All of these barriers are avoidable once you recognise them. Look back over the past 2 weeks and ask yourself – have any of these barriers impacted your team’s development or led to missed potential development opportunities?

Related video, Conscious incompetence

 


Personal Development ~ the perfect opportunity

personal development

Personal development planning

Personal development is one of those activities that frequently get put on the ‘do later’ pile.

But, there are only so many hours you can spend binge watching on Netflix or catching up on your favourite soap.

With many now having time on their hands it’s a fantastic opportunity for personal development; something which often takes a back seat in the day to day hubbub of the business.

With team members on furlough, it’s a good opportunity to keep their minds active as well as the chance to up-skill to make them better in their existing role, or develop new skills or expertise to fulfil their longer-term aspirations.

Don’t rule out team members who have be laid off; supporting them in their personal development can help in the quest for a new job. By showing your interest in them is a good boost for their morale, as well as how they perceive you as an employer.

Here are 4 considerations for drawing up personal development plans for existing or future roles.

1. Know what you want to achieve

When identifying personal development needs, ascertain yours and their expectations, what you each want to improve, and how will you know when it’s been achieved.

What’s missing

If there was one skill or one piece of knowledge that they feel would help them in their role (or roles they may be applying for) what would that be? How would that help?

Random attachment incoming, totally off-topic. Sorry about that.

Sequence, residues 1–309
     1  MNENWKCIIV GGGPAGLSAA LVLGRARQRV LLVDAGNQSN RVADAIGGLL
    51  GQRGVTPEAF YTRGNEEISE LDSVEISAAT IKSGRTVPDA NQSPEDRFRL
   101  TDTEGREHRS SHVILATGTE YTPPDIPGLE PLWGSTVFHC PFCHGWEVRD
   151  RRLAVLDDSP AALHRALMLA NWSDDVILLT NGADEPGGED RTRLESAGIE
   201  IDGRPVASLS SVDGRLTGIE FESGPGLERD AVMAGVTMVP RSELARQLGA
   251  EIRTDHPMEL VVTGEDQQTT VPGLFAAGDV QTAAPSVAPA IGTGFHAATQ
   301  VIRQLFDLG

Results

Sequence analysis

Identify and build on strengths

Utilise individuals’ known strengths to capitalise on them, and stretch them.  It’s all too easy to focus solely on the gaps, but we need to tap into people’s talents too, and build on these so they can excel in some areas rather than being mediocre in everything!

Looking to the future

If discussing development for future roles, find out what’s important to them. Don’t try and second guess this, or make an assumption of their aspirations – ask them!

  • What motivates them in work? What’s important to them outside work?
  • What career path do they have in mind? What are the things that they value and are not prepared to give up?
  • What do they enjoy?  The chances are things they enjoy they’ll put more effort into.

Do a sense check that what you or they have in mind is a good fit.

The skill will matrix is a useful tool which you may want to complete first before undertaking the other activities. Or watch the video here

Their expectations and perception